Moody Brook

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Coordinates: 51°41′31″S 57°54′22″W / 51.692°S 57.906°W / -51.692; -57.906

Stanley Harbour and the town, from the air. Moody Brook can just be seen in the distance
Early mapping of Moody Brook (Dom Pernety, 1769)

Moody Brook is a small watercourse that flows into Stanley Harbour on East Falkland, Falkland Islands. It is near Stanley, just to the north west, and was formerly the location of the town barracks, which were attacked in Operation Azul, the 1982 Argentine Invasion of the Falkland Islands.

It is named after Governor Richard Moody.

Attack on Moody Brook barracks[edit]

Giachino's party had the shortest distance to go: two and a half miles due north. Moody Brook Barracks, the destination of the main party, was six miles away, over rough Falklands terrain. Lieutenant-Commander Sanchez-Sabarots, in the book The Argentine Fight for The Falklands, describes the main party's progress in the dark:

  • It was a nice night, with a moon, but the cloud covered the moon for most of the time.... It was very hard going with our heavy loads; it was hot work. We eventually became split up into three groups. We only had one night sight; the lead man, Lieutenant Arias had it. One of the groups became separated when a vehicle came along the track we had to cross. We thought it was a military patrol. Another group lost contact, and the third separation was caused by someone going too fast. This caused my second in command, Lieutenant Bardi, to fall. He suffered a hairline fracture of the ankle and had to be left behind with a man to help him. … We were at Moody Brook by 5.30 a.m., just on the limits of the time planned, but with no time for the one hour's reconnaissance for which we had hoped.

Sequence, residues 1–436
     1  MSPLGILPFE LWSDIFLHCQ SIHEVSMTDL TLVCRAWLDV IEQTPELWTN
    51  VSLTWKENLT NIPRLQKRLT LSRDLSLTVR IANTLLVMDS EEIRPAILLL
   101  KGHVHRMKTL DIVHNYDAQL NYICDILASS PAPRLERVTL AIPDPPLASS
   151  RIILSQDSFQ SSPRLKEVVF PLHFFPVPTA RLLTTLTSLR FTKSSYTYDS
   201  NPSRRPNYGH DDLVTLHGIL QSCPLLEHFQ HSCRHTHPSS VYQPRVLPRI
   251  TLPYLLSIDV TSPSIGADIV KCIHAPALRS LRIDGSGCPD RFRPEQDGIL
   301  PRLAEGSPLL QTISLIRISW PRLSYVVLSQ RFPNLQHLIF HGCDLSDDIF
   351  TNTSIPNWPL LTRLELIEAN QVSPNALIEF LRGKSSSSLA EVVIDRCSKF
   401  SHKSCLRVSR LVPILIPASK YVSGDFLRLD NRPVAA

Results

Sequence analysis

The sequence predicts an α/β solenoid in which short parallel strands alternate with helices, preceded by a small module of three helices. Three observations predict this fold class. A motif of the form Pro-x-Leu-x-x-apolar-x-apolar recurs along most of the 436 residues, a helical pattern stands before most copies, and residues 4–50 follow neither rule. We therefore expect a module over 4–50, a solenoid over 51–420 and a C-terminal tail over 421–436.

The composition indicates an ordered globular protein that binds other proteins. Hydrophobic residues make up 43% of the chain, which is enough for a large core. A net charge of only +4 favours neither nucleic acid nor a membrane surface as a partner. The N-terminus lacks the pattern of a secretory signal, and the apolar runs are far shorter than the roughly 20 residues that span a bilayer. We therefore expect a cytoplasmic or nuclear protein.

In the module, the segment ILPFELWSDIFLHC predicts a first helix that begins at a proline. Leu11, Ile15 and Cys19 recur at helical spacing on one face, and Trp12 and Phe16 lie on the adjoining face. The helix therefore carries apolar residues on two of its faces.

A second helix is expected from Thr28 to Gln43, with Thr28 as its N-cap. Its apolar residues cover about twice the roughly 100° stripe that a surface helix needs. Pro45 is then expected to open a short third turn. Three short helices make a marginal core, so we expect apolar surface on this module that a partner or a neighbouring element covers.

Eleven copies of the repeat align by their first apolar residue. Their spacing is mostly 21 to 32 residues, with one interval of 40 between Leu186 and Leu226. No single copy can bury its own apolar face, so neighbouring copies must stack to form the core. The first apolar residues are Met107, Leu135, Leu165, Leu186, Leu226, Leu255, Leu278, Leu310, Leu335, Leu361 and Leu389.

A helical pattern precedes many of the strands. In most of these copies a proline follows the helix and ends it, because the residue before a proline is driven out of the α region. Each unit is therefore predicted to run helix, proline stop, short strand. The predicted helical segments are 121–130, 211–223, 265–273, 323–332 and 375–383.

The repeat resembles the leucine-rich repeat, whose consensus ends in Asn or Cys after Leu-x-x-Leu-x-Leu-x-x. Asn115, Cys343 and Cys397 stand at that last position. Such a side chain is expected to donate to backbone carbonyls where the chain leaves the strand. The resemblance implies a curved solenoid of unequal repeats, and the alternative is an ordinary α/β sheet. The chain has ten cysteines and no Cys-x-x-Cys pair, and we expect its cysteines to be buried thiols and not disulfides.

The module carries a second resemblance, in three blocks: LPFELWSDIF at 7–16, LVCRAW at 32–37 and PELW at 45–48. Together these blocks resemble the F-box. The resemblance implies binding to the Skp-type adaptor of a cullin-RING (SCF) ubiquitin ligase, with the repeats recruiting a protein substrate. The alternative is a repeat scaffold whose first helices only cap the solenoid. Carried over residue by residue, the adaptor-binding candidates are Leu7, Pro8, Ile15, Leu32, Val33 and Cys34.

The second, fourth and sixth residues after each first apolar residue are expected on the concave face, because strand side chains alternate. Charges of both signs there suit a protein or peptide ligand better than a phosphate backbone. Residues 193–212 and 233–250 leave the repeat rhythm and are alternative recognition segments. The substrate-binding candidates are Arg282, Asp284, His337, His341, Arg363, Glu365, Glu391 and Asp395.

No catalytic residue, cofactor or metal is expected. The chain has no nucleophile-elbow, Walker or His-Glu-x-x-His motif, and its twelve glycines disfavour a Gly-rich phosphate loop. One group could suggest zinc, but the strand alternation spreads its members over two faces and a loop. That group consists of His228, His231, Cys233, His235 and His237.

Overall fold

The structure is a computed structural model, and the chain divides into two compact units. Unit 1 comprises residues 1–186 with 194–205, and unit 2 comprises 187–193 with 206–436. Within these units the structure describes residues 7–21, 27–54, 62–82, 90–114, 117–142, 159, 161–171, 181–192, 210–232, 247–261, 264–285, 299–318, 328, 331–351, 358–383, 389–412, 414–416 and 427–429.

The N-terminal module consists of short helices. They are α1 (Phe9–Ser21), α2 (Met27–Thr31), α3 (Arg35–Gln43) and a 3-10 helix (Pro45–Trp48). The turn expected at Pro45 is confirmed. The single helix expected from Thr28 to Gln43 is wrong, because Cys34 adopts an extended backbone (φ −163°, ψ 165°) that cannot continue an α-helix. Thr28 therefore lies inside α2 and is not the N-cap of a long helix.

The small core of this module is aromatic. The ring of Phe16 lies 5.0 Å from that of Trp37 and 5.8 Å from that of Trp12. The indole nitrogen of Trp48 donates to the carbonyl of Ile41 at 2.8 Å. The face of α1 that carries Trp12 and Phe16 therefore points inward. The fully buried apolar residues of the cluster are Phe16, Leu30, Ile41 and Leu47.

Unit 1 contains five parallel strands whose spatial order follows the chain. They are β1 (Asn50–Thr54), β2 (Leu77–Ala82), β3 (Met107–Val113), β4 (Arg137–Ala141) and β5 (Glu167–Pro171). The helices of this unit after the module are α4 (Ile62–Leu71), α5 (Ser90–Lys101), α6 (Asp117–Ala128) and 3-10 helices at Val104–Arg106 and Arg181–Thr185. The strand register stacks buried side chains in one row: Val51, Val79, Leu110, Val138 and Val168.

The main party of Argentine Marines assumed that the Moody Brook Barracks contained sleeping Royal Marines. The barracks were quiet, although a light was on in the office of the Royal Marine commander. No sentries were observed, and it was a quiet night, apart from the occasional animal call. Lieutenant-Commander Sanchez-Sabarots could hear nothing of any action at Government House, nor from the distant landing beaches; nevertheless, he ordered the assault to begin. Lieutenant-Commander Sanchez-Sabarots continues his account:

  • It was still completely dark. We were going to use tear-gas to force the British out of the buildings and capture them. Our orders were not to cause casualties if possible. That was the most difficult mission of my career. All our training as commandos was to fight aggressively and inflict maximum casualties on the enemy. We surrounded the barracks with machine-gun teams, leaving only one escape route along the peninsula north of Stanley Harbour. Anyone who did get away would not able to reach the town and reinforce the British there. Then we threw the gas grenades into each building. There was no reaction; the barracks were empty.

The noise of the grenades alerted Major Norman to the presence of Argentines on the island, and he thus drove back to Government House. Realising that the attack was coming from Moody Brook, he ordered all troop sections to converge on the house to enable the defence to be centralised.

Although there were no Royal Marine witnesses to the assault, descriptions of the state of Moody Brook barracks afterward contradict the Argentine version of events. After the action, some of the Royal Marines were allowed to return to barracks to collect personal items. Major Norman describes walls of the barracks as riddled with machine gun fire and bearing the marks of white phosphorus grenades - "a classic housekeeping operation".[1]

References[edit]

  1. ^ Bound, Graham, Falkland Islanders at war, Pen and Sword Books Limited, ISBN 1-84415-429-7